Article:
List of Illustrations xi Acknowledgments xiii INTRODUCTION: Jingoism, Warmongering, Racism 1 CHAPTER ONE: Diabolical Possession and the National Conscience 19 CHAPTER TWO: Three Parables of Violence 58 CHAPTER THREE: The Culture of Retribution: Capital Punishment, Maurice Dering, Flotsam 99 CHAPTER FOUR: The Mutiny in Victorian Historiography 134 CHAPTER FIVE: The Infernal Kingdom of A Tale of Two Cities 205 CHAPTER SIX: Lady Audley's Secret: The Mutiny, the Gothic, and the Feminine 239 EPILOGUE: Fiction Fair and Foul: Novels of the Mutiny 273 Notes 289 Works Cited 307 Index 317
This gripping book is about an irrepressible mutiny that occurred within the Victorian imagination. The Sepoy rebellion and its ruthlessly vindictive putting-down proved two sides of a Mobius strip that, obsessively fretted by the Victorians themselves in a long agony of conscience, disclosed intolerable continuities between their dreams of virtue and their nightmares of abomination. Herbert's attention to a range of journals, histories, and novels is so scrupulous, sympathetic, and unflinching as to put to shame the doctrinaire anti-imperialist scholarship that is still prevalent within the field. -- Herbert Tucker, University of Virginia This book speaks to an urgent question about the present: how does a world power represent and respond to the violence it has itself helped to bring about? Christopher Herbert brilliantly identifies a 'mutiny syndrome': a displaced response to a political violence that cannot be named but cannot be ignored or conjured away and thus persists as a kind of trauma. Readers will inevitably ask themselves whether we can claim to be doing better than our Victorian precursors in assessing our own responsibilities for the violence that is in the world today. A wonderful book. -- David Simpson, University of California, Davis War of No Pity mounts a bold challenge to standard postcolonial interpretations of Victorian imperial culture. Through painstakingly close reading of an impressive array of both familiar and relatively unknown texts, and with vigorous writing, Christopher Herbert takes on a powerful critical consensus--from Edward Said's case against the West's unified 'will to power' to the dismissal of Victorian moral anxieties by prominent critics of Victorian literature. In short, this book fulfills its explicit goal of disturbing 'received opinion' in a field ready to be reinvigorated by fresh insights and questions. -- Margery Sabin, Wellesley College Christopher Herbert has written a searching, scrupulously researched, cogently argued, and, above all, brave and independent book that deserves to be widely read and debated--a book sure to appeal to students and scholars in a variety of areas, including literary studies and history. -- James Buzard, Massachusetts Institute of Technology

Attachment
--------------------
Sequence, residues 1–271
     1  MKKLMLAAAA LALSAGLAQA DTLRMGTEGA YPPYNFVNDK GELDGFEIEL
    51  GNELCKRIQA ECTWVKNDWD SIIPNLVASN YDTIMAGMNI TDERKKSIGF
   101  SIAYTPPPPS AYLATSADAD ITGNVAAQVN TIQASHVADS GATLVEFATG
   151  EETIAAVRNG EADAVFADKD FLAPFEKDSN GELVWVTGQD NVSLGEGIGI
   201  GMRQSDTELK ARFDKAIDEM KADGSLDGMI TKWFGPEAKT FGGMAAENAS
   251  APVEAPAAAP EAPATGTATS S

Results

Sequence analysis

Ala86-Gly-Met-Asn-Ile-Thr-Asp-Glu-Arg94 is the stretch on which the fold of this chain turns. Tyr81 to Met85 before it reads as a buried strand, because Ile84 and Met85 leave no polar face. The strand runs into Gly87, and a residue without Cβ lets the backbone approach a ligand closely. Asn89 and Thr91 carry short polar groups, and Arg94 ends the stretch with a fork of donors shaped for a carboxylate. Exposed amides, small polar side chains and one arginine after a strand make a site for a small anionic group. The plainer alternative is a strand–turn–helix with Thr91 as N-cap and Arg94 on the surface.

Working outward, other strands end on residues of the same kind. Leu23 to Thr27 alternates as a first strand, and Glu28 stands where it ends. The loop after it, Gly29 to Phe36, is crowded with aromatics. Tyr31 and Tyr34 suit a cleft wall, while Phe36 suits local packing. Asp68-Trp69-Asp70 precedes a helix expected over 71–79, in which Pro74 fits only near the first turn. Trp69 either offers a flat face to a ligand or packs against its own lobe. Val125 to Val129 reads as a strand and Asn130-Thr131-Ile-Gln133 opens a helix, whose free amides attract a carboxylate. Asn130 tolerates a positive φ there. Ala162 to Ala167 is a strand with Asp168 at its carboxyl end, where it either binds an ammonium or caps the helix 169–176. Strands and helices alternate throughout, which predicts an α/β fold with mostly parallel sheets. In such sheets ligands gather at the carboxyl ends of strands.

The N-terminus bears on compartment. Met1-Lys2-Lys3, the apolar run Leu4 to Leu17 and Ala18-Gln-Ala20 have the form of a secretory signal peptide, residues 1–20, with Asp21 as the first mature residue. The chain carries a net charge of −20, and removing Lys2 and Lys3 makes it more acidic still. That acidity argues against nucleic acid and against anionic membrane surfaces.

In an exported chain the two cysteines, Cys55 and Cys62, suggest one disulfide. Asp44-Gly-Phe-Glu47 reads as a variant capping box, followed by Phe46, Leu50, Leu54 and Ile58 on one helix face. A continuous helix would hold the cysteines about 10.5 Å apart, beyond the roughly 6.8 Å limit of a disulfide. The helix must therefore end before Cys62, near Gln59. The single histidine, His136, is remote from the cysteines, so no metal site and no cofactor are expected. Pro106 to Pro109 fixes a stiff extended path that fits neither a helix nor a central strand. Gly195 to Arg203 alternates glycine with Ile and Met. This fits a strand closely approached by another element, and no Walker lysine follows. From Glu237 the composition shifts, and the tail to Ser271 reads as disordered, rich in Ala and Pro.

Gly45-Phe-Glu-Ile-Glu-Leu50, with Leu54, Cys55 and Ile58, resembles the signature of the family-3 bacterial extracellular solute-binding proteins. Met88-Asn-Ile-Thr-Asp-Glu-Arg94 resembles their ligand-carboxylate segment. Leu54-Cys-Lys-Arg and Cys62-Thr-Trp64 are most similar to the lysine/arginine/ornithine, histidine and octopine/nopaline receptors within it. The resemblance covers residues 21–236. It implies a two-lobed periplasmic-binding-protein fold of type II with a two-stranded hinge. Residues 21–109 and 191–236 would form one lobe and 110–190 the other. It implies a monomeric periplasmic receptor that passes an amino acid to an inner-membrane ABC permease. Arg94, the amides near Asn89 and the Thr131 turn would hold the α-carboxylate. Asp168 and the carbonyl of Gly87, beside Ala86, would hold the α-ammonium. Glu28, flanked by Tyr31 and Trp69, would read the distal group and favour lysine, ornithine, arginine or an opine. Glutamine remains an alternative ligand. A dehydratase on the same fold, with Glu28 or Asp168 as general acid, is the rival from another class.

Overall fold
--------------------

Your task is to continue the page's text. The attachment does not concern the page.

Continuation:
Christopher Herbert is the Chester D. Tripp Professor of the Humanities at Northwestern University. He is the author of three previous books, including "Victorian Relativity: Radical Thought and Scientific Discovery".
"War of No Pity is a vital and vitally important work of literary, cultural, and historical criticism, one that no student of the Victorian period can afford not to know."--Stephen Arata, Victorian Studies "Christopher Herbert has done postcolonialists, Victorianists, and indeed anyone interested in modern violence a remarkable service in reading a vast amount of Mutiny literature and returning to tell the tale of it. War of No Pity explicates the kind of violence that can ensue between any us and any them, given the recurrent conditions of empire, in all of its forms and fictions."--Elaine Freedgood, Criticism "A most impressive study of colonial relations and India is Christopher Herbert's War of No Pity: The Indian Mutiny and Victorian Trauma that, in great and significant detail, does away with as many presuppositions as possible."--Ann C. Colley, Studies in English Literature "[T]his is an excellent book, admirable in its scope and depth, thoroughly enjoyable, and very thought provoking."--Michael J. Turner, Journal of British Studies "Students of Britain's nineteenth-century empire owe Herbert a considerable debt for the sheer volume of Mutiny references, both popular and highbrow, he has assembled here... Herbert has given us new and compelling reasons to return to the Mutiny as a watershed, if not the watershed, moment in the making of Victorian imperial culture."--Antoinette Burton, Journal of Modern History "It should be required reading for every scholar of Victorian culture and above all for students of imperialism and the Empire."--Thomas William Heyck, European Legacy "[T]his is an exemplary exercise in the subtle fusing of historical and literary methods, and Herbert is to be congratulated on producing a genuinely original and thought provoking book."--Maria Misra, The Historian